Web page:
Kliot Tapestry Loom
My new Kliot Tapestry Loom arrived from Lacis. I watched a video of this loom in use on YouTube. I was surprised when I read in the comment sections that someone couldn’t figure out how to put it together. If they can’t figure out how to assemble this loom, I have no idea how they ever learned to weave. I was amazed how smooth the wood is. I didn’t find a single spot that needed additional sanding, so rare. There are some nice features on this loom: A simple warping frame on the back, a shedding device, removable legs, easy to tension upper and lower beams and round tension knobs. It seems very sturdy too.
It measures 22 inches wide from outside edge to outside edge, and 30 inches tall. It advertises the widest possible weaving width at 20 inches. A warp that is 20 inches wide will completely fill the loom; while 20 inches may be possible, 18 is more realistic. Since the warp can wrap around the loom It can weave a longer length than the looms height. On the video they mention 56 inches as a maximum length, the instructions claim 60 inches, and the box claims, “virtually any length”. 56 inches seems reasonable, this gives 4 inches of space to tension the warp properly. I’ll need replacement elastics, these are the parts that will wear out. I don’t want that to happen in the middle of a project. It’s good to have spares on hand of any part that wears or stretches. They call them, “size 64 elastics”. After looking them up on Google, They seem like common rubber bands. I’ll have to pay the office supply a visit. The elastics are for the shedding device and hold the legs on. The legs are nifty. They go on the top portion of the loom, but can be located where ever you need them really. They have a cutout that fits over each support, once it’s fitted where you want it, an elastic is used to hold it in place.
The warping frame on the back is pretty smart. It’s actually textured pegs, generally used in construction of furniture. I think the texture is good as it reduces the warps tendency to slip off a peg. The pegs are on the short side and while they claim to hold 100 to 150 warps, that number is pushing it. With the sett I normally work with and the size of warp, I will probably look for longer pegs to replace those with soon. I made a ton of heddles for my first weaving. These are reusable, making these only once is a blessing. I’m surprised the warping pegs aren’t spaced to provide the perfect jig for making these heddles. I used a cork board and T-pins to make a jig. I’m instructed to cut 10″ and 11″ lengths and tie a knot at the end. The last thing I want is to have 60 heddles across my weaving – all slightly different lengths. So I cut one of each size, made a heddle and measured the finished size to know the size to make my jig. I wrapped my string around the jig, cut leaving enough length to tie a surgeons knot, then an overhand knot just above that, and cut the ends short. I used Baroque crochet cotton. Baroque is the most elastic crochet cotton I’ve ever used, it’s “super Mercerized”, color-fast, and has a high twist. Baroque is strong, smooth and inexpensive. I’ve seen it in white and Ecru. On the video, she used Baroque for the warp and heddles, everything but the weft. I might use the ample amount of left over to try my hand at some Puncetto Avorio, an Italian needle lace – made with only a needle and thread.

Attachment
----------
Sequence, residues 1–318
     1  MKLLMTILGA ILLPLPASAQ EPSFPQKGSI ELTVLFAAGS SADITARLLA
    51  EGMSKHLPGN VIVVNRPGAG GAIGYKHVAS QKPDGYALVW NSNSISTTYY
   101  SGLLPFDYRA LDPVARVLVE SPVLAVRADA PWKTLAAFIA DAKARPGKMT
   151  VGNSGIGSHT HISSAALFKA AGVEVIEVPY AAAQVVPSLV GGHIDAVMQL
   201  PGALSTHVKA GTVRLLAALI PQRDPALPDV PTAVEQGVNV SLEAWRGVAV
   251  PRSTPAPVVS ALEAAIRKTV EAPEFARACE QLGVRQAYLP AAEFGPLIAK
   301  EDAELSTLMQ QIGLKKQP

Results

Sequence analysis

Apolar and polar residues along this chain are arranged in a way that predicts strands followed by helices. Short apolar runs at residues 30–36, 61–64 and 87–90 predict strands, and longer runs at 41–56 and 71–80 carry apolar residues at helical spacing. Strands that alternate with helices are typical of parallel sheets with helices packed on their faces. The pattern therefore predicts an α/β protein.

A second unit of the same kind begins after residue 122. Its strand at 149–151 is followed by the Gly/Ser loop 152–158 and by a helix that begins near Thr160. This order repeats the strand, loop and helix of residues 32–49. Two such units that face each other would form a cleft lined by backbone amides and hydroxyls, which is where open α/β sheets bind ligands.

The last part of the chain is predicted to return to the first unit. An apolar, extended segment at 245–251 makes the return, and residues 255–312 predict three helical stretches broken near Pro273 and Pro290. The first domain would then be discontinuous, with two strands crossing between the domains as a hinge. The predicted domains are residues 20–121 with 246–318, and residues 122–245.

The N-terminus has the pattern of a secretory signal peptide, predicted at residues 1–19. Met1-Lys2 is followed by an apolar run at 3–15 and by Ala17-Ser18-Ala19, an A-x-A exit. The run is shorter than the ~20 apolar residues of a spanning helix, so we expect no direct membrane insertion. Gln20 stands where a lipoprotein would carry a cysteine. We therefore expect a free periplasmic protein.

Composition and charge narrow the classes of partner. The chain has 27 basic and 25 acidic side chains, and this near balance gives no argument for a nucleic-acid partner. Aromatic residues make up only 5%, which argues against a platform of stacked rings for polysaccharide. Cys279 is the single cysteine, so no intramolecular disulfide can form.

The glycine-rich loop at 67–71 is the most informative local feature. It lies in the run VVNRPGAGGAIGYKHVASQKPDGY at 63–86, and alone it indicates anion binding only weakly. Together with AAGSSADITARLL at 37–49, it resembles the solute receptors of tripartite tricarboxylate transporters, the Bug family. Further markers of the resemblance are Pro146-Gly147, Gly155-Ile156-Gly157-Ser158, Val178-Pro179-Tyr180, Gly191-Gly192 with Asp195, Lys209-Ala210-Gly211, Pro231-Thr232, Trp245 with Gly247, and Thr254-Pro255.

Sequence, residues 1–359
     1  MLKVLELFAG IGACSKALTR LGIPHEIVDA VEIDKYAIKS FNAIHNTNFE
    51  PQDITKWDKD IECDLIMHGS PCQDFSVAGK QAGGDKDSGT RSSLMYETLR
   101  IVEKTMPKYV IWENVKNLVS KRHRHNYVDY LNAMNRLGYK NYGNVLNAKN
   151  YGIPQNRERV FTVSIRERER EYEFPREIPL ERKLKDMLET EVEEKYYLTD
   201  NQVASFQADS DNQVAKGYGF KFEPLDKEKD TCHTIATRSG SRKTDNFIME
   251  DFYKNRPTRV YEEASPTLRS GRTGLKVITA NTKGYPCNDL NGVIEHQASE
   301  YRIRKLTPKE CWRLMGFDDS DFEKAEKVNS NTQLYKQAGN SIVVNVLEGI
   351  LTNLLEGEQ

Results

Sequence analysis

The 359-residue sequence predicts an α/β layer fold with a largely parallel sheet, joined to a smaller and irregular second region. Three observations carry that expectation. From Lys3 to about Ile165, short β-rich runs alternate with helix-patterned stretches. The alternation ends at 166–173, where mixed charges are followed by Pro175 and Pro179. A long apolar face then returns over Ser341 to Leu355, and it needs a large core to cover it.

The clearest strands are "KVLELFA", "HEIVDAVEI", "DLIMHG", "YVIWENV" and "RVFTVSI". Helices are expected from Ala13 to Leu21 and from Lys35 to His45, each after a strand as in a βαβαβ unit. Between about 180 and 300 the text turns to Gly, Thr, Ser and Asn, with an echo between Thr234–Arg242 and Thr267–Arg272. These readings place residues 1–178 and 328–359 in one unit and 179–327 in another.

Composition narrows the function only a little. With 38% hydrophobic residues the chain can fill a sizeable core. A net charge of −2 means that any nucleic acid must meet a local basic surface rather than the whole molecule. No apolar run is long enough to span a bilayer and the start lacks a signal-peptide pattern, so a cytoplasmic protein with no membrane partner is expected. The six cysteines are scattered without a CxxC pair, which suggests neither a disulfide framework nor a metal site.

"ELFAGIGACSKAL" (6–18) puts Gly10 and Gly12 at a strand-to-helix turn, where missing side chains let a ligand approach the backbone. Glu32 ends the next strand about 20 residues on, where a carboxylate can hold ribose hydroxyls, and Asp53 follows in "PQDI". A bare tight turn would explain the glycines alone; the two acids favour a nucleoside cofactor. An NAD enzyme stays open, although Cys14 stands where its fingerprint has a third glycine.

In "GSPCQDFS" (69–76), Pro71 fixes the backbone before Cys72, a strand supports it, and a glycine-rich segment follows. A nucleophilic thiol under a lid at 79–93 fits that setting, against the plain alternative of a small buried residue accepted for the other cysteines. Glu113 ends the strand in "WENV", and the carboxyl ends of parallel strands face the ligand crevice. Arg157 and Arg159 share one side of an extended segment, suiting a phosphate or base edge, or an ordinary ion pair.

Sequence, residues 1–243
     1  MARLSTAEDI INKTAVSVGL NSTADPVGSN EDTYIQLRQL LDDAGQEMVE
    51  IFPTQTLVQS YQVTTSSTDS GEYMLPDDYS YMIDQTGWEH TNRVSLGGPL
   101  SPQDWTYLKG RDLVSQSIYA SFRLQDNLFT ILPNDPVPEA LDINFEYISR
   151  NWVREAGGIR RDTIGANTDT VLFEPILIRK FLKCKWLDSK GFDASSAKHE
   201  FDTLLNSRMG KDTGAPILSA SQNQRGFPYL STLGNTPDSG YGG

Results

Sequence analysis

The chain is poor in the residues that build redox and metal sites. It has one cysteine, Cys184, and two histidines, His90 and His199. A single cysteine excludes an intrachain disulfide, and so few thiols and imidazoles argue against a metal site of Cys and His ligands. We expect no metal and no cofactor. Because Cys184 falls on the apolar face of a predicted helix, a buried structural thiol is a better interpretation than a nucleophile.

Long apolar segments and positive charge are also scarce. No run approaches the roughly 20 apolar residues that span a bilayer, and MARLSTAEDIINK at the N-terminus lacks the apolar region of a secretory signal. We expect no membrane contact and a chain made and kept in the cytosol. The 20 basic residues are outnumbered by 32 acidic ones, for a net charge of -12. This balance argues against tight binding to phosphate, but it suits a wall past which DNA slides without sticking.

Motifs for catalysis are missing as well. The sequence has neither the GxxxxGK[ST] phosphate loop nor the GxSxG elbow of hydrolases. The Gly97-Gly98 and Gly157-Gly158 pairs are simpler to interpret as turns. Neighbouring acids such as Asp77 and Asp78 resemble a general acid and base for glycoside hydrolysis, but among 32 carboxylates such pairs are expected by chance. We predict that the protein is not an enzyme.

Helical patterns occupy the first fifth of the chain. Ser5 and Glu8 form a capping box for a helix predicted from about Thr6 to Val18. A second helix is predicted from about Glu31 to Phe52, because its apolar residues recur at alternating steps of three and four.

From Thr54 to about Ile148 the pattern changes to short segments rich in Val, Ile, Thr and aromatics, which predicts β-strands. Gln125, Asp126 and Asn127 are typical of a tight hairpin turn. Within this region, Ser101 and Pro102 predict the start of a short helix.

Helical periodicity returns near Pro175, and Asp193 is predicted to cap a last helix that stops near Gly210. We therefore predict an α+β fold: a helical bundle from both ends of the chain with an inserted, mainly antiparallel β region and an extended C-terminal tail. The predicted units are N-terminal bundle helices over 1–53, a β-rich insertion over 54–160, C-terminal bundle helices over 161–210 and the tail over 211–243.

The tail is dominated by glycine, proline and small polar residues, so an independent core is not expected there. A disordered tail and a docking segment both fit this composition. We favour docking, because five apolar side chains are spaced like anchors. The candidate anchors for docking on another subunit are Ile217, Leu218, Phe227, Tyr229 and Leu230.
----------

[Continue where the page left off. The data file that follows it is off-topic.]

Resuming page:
The shedding device is unique. It consists of two narrow hexagonal blocks with two holes. The heddles are attached to the two heddle rods, and these rods are inserted into the blocks. These blocks rest on the side supports of the loom held in place by two elastic bands, one on each side. The shedding device is used by turning the blocks, this raises one half of the warp and lowers the other half. The center or neutral position keeps one half of the warp only slightly raised. It clacks a bit when you use it as the blocks are held very tight to the supports by the elastic. This is why I’m certain I’ll need replacements. Once these stretch out, the shedding device will be useless unless they’re present and tight. I wish the blocks had an additional way to stay atop the supports; the supports are narrow and the blocks slip off easy until the bands are properly installed. If the loom was bumped hard it wouldn’t take much to knock them off. Perhaps I’ll look for longer pegs to insert into the back for the warping frame and find a way to add something to the supports to prevent them from getting knocked off. After all, the best thing about smaller weaving projects is their portability.